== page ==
Friday, January 03, 2014

1274 Radio in the Internet Age

1274  Radio in the Internet Age

Rumors of the death of radio have been circulating since the dawn of the television age, which -- commercially -- should be put at 1947.

But the old dog learned some new tricks.  Some were pretty good. Some, not so much.

Now with the internet, SiriusXM, the iPod and similar gizmos, radio again is on life support.

To see if we can help cause a remission, some suggestions for programming that either hasn’t been tried or which were once successful but now are considered museum pieces.

Some of the older stations are thriving.  WSM, Nashville.  KSL, Salt Lake City. WCBS and WINS, New York.  These are stations with huge geographic reach.  But there are little winners in every corner of the country where the perpetrators actually serve their local communities.

Okay, some formats:

All Classified All the Time: Gordon McLendon tried this in the late 1950s or 60s. But the FCC, before it lost its teeth, put that dog down because in those days you couldn’t do more than 1080 seconds of ads an hour.  That’s 18 minutes.  

You can do this with a paid staff of three.  And you don’t need Rush Limbaugh or Car Talk reruns to fill out the day.

Now, the FCC is chasing pirate operators when it pays any attention to commercial radio and who cares, anyway?

Charge extra if the client wants to record the ad himself.

Weather:  If you can’t rebroadcast the NOAA Weather Radio stuff, you can find it on the internet and read it into a digital recorder.  Intersperse your commercials and you have a utility, like water or electricity.  People always want the weather. But they don’t always want to wait for “weather on the ones” or “weather on the eights.” In the age of instant gratification, they want it NOW.  So, that’s what you give them.  Your cumes will skyrocket.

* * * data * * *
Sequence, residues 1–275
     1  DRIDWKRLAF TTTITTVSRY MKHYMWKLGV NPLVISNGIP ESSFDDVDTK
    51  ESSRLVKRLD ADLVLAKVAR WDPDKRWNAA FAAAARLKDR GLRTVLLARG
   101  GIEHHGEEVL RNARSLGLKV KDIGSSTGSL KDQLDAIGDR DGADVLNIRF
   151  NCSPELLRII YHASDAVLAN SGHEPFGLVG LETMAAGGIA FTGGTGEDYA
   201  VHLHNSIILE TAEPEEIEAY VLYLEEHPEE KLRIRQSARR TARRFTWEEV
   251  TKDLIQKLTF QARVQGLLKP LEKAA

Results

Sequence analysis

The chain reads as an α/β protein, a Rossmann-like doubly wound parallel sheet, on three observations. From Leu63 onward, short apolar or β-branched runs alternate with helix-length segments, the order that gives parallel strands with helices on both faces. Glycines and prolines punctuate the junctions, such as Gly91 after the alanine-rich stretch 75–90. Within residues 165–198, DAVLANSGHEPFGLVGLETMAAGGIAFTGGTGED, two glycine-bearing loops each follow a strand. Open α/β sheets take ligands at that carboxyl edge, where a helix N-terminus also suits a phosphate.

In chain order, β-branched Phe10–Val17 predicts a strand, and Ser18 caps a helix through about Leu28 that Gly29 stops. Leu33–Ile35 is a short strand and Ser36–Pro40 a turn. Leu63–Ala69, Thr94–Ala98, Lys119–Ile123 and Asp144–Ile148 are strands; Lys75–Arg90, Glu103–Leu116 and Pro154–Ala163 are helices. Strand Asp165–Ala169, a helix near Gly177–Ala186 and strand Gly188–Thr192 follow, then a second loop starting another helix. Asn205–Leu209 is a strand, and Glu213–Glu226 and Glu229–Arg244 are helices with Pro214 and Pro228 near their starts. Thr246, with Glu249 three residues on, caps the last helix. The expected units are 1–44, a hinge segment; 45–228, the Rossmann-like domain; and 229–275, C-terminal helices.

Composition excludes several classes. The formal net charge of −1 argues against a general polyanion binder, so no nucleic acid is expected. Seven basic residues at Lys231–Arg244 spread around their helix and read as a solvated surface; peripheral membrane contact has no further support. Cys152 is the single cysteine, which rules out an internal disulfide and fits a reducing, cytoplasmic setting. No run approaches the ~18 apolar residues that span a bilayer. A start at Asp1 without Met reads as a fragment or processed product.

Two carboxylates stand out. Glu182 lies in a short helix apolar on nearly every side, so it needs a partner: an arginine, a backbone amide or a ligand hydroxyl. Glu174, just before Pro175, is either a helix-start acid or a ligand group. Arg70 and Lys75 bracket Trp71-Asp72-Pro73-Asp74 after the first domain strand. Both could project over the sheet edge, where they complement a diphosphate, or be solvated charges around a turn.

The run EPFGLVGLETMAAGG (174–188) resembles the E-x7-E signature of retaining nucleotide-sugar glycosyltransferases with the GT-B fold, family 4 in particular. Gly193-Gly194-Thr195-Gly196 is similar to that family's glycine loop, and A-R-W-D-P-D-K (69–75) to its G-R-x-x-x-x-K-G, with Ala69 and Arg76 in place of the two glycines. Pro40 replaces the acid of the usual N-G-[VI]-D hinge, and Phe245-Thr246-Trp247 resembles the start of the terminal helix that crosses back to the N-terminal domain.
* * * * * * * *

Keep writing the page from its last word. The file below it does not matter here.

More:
If you’re ambitious, you can even run news on the hour.  CBS has two versions, ABC has… well, zillions. Even NBC is back in the game. And there’s Fox News, AP News and all kinds of regional affiliations.  Just don’t overdo it.  Weather!

Finally, a personal favorite.  The Thousand Cycle Tone format.  Just put on the tone generator and do a newscast every hour or so.  If you want to get fancy, vary it with different kinds of white noise.

Morning Drive:  A pleasant mix of civilized ringtones. Intersperse time checks and commercials.

Mid morning: Summer breezes.

Early afternoon: Wind and water.

Afternoon drive:  Stormy weather.

Evening:  Gentle breezes and maybe some bird chirps.

Overnight:  Ocean sounds.

Or just play random sound effects all day long.  
And all the commercials you can get.


--They could do something similar with newspapers, put in stuff that no one else has, maybe reduce publication to once a week.  Oh, wait, that’s called a magazine.  And most of them are in the same trouble as radio.

--Rest in peace, Bob Grant, 84, Robert C. Gigante to his family, conservative broadcaster who died New Year’s Eve.  Bob was tough to agree with most of the time, but he was smart and funny and rude and clever… a must listen for liberals and conservatives alike. Now, Bob, GET OFF MY PHONE!

--Invest in Colorado tourism.  For the next while it’s going to boom as people from surrounding states head in for their legal pot.  The crowds on opening day looked like a mix of lines at the Apple store every time a new product is introduced or at the Salute to Jimmy Carter gas pump.

The WestraDamus Website has been relocated and is once again active.

I’m Wes Richards.  My opinions are my own but you’re welcome to them. ®
Please address comments to
© WJR 2014

No comments:

1958 Too Many Rights

1958 Too Many Rights Note to readers: No vaudevillians, scientists or onlookers were hurt during the following adventure. This co...